The beautiful seaside resort of Levanto, with its sandy beaches and its promenade, is the starting point of the cycle path, which, through long tunnels interspersed with uncovered stretches that overlook the cliffs and small beaches, reaches the village first of Bonassola and then of Framura. (more…)

scala grande

Path n. 536 to Monesteroli: stairway to heaven.

Posted on 15 August 2017, in Blog

Path 536 (ex 4/d) to Monesteroli of Tramonti is one of the most amazing and spectacular mule track built by the rural-engineers of the Cinque Terre, to reach the vineyards supported by dry stone walls, planted just a few meters off the cliff.
This route, that you may walk in about 50 minutes with a difference of 415 meters, is a branch of path n. 504, which rises from Pegazzano (northern part of La Spezia), passing through Biassa to the San Antonio pass at the high of 508 meters above the sea level where it crosses the Alta Via of the Cinque Terre.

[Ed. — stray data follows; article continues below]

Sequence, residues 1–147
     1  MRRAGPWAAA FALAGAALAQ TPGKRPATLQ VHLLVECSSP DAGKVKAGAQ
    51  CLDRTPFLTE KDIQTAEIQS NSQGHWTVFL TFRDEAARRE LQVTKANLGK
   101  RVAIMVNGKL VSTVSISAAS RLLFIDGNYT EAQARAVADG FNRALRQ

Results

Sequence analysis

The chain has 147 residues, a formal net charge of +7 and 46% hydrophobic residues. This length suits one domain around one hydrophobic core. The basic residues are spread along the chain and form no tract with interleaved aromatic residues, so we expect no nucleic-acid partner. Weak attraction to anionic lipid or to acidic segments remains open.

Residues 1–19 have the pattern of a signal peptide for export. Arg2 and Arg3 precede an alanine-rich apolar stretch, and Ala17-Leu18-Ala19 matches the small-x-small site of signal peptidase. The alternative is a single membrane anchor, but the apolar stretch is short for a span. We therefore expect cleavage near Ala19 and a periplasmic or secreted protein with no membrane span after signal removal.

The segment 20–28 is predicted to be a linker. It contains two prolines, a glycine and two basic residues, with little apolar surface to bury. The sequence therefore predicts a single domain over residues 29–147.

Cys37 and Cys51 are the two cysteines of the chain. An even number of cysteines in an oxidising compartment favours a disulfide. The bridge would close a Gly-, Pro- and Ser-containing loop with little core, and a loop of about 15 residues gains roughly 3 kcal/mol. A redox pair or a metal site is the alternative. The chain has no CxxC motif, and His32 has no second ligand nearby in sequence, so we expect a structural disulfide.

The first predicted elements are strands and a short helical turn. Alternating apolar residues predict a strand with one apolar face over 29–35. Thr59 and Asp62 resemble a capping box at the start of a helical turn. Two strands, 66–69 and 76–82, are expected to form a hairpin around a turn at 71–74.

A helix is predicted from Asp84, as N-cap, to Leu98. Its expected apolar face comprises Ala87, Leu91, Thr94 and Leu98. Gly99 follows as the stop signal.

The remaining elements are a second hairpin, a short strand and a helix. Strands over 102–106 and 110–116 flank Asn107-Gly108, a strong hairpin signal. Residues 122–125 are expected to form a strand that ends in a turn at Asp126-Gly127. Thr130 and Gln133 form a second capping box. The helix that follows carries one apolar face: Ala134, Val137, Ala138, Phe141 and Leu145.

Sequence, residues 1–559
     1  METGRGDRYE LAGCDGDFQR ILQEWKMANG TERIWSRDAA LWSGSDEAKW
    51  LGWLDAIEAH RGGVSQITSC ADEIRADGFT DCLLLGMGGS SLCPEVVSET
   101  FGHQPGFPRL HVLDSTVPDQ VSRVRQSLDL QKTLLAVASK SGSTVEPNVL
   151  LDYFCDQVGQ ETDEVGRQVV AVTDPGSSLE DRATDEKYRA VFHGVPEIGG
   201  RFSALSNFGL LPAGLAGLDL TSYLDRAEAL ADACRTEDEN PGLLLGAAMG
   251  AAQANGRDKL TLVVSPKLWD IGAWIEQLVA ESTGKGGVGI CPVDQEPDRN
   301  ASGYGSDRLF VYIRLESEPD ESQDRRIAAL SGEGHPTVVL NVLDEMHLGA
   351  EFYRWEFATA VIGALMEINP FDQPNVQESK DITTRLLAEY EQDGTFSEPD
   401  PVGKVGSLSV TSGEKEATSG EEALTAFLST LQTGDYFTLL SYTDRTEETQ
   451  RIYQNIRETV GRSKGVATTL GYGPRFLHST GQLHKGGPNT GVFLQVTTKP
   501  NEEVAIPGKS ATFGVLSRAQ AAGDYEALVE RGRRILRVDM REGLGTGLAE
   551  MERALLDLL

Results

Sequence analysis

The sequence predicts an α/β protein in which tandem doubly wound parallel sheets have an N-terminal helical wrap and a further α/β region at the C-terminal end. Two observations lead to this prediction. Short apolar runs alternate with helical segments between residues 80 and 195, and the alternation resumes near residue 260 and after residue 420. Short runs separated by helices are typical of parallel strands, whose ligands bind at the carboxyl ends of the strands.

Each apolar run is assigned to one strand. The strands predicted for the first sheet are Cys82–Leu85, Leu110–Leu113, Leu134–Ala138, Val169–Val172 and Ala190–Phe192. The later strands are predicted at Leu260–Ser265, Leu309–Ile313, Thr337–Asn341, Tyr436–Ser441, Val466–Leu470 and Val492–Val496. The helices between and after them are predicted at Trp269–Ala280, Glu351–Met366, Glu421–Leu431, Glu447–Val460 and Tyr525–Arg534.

From the church of San Antonio steeply descends along the slope of Tramonti passing through the square where the famous Menhir rises and then on the heights of Pian di Veo. There, on a landing paved of sandstone, the n.504 mule track winds up and a steep staircase forks into n. 536, crossing a thick oak woods.

The Menhir of Tramonti also know as the "Devil's stone" is the work of the ancient Ligurians and it has a now-lost sacred valence. Facing the Menhir, "Christianized" with an iron cross, are the remains of the "posa" where passing farmers set down the loads they carried on their shoulders for a moment's rest. (more…)

Monterosso malpasso

Path n. 509 : Monterosso–Soviore

Posted on 23 March 2017, in Blog

The path n. 509 leading in about 1 hour and 15 minutes from the historic village of Monterosso to the Sanctuary of Our Lady of Soviore is one of the oldest paths of the Eastern part of Liguria, as it was first used by the Etruscans and then by the Romans to reach, by the seaport of Montrerosso, the mysterious center of civilization of Monte Albereto, which stood beyond the Mount Soviore.